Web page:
Oh, this book. It’s definitely one of those heart-warming reads. A woman, Lou Clark, at the end of the line employment-wise, takes up a position as the carer for a quadriplegic man, Will Traynor. The formula is almost predictable.  The man is initially very prickly, and almost cruel, towards her, but soon starts softening, and through a series of montages they develop a friendship and eventually something more. But that’s where the formula ends. The book is not taking you along for a ride of fluffy sweetness. It’s an unabashed look at real life: I loved how Lou’s financial situation was presented with such stark honesty, her need to support her parents, while resenting having to share space with them, and her guilt at the resentment; Will’s crumbling perspective of the world, his progressive friendliness, which is still tempered by his grim realizations about his life. Also, I would like to adamantly state that it IS a romance novel, first and foremost. It’s about two people falling in love, and whatever anyone might say, it is not the lesser for being a romance story.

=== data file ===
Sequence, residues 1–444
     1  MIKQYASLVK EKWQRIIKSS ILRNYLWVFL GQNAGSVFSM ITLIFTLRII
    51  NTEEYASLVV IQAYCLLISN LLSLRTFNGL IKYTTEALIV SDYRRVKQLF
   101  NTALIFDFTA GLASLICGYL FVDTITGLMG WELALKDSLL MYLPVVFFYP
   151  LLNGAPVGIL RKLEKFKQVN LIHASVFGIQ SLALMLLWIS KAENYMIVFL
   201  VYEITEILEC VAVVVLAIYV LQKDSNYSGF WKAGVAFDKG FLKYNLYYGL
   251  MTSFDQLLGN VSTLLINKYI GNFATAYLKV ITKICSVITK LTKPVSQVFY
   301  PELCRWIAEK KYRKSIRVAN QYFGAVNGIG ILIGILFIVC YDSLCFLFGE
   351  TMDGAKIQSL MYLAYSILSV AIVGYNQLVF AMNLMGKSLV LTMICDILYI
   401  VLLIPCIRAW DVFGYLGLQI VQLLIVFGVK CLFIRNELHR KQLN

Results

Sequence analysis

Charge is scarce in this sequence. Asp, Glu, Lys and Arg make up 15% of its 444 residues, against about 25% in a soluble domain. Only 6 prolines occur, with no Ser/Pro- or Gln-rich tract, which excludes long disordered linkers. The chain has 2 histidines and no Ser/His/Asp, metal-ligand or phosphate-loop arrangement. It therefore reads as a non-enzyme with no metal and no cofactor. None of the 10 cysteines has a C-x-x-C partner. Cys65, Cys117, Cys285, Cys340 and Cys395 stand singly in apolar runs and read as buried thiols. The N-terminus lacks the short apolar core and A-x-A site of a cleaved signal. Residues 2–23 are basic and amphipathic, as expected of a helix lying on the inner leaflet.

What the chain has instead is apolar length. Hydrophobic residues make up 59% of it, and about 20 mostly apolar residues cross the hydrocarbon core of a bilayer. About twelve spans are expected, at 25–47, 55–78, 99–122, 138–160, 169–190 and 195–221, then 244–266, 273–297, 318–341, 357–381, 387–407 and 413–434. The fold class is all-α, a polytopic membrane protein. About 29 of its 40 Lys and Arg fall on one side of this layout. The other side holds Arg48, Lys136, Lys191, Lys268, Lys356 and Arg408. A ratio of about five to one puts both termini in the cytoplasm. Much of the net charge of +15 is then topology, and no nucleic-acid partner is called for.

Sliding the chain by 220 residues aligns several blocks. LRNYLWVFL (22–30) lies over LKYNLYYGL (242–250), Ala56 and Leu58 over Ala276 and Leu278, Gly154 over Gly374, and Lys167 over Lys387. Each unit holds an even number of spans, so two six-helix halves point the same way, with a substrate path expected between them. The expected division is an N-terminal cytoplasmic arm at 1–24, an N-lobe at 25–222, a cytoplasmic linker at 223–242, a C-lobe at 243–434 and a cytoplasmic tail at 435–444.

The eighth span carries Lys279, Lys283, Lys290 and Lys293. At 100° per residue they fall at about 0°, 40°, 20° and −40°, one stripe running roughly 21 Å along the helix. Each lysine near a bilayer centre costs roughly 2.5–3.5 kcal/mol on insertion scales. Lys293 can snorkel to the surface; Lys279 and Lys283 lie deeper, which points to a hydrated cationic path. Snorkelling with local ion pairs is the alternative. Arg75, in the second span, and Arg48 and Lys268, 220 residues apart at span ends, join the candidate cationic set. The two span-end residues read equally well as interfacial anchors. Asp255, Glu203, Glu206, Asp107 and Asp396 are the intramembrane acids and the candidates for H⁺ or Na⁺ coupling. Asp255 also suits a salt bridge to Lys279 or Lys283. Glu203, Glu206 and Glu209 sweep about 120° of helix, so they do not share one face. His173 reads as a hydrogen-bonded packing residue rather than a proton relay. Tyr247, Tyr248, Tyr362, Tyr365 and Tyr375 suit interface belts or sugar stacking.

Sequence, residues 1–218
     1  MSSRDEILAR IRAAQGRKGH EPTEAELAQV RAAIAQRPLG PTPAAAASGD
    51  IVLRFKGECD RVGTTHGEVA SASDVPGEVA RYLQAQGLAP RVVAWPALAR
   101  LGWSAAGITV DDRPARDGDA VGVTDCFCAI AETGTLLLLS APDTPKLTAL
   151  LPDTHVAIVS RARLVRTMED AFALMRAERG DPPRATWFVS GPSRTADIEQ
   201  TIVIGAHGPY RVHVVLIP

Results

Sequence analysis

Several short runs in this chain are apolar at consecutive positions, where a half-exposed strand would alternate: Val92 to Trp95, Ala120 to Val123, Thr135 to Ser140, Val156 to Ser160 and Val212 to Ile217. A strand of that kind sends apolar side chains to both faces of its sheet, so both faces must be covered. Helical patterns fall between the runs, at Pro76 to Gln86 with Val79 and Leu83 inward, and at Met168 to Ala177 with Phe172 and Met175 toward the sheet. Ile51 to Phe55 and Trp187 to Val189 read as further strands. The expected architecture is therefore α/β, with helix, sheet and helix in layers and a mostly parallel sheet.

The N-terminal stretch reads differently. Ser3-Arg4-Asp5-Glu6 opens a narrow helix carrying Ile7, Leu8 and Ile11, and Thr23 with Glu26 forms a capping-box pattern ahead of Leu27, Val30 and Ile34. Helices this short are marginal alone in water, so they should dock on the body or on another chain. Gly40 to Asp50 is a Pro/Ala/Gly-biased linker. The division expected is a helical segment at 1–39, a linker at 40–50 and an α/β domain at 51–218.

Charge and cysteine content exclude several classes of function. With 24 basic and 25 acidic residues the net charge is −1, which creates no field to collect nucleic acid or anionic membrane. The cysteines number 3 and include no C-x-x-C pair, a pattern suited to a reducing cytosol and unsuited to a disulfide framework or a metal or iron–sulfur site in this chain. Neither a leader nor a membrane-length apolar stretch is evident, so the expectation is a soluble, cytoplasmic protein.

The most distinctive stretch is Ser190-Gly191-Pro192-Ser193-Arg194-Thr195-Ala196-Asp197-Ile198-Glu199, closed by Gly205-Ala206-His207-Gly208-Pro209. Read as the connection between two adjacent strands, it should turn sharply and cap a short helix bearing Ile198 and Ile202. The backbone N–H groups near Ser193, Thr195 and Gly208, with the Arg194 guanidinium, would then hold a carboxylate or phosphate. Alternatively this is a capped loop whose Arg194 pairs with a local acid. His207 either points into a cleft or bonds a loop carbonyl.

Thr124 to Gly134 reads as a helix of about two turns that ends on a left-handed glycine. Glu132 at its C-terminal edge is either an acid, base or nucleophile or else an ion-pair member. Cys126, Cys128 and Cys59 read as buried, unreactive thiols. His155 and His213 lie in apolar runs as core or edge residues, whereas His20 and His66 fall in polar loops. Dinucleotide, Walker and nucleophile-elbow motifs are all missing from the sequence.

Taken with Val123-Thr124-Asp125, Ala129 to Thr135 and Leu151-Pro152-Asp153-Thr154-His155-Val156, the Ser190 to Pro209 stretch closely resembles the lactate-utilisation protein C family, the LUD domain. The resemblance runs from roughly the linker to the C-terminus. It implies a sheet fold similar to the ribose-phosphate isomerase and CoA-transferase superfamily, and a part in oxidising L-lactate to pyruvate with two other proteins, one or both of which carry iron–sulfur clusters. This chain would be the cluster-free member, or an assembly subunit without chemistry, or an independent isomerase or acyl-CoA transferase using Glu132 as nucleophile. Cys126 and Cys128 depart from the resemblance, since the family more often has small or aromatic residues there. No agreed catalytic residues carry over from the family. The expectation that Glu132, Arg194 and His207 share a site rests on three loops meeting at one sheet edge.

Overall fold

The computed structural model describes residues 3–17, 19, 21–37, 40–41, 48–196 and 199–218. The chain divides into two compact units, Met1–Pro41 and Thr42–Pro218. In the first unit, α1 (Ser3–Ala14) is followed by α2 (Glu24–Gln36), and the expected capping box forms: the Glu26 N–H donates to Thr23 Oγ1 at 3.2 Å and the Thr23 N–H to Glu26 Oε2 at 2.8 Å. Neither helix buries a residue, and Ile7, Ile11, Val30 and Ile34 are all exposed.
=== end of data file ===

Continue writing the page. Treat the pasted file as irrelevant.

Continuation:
• The Book That Was Truly an Experience


Jonathan Strange and Mr. Norrell by Susanna Clarke

This title has been making the rounds recently due to the t.v. adaptation. Set in 1800s, it’s about the revival of magic in England, primarily by the two men in the title, and their ensuing rivalry. The size of this book alone makes it an Experience. But what really makes this story world so real is the frequent (and rambling) footnotes interspersed throughout. It’s a whimsical and humorous world-building technique. I’ve heard this described as Jane Austen with magic, but honestly, it’s just a novel set in the 1800s with magic in it. It doesn’t really look at society’s idiosyncrasies or romance the way Austen did – what it DOES do is give us another way to look at fantasy. Also, it pokes fun at Lord Byron’s dramatic, so that’s always a plus.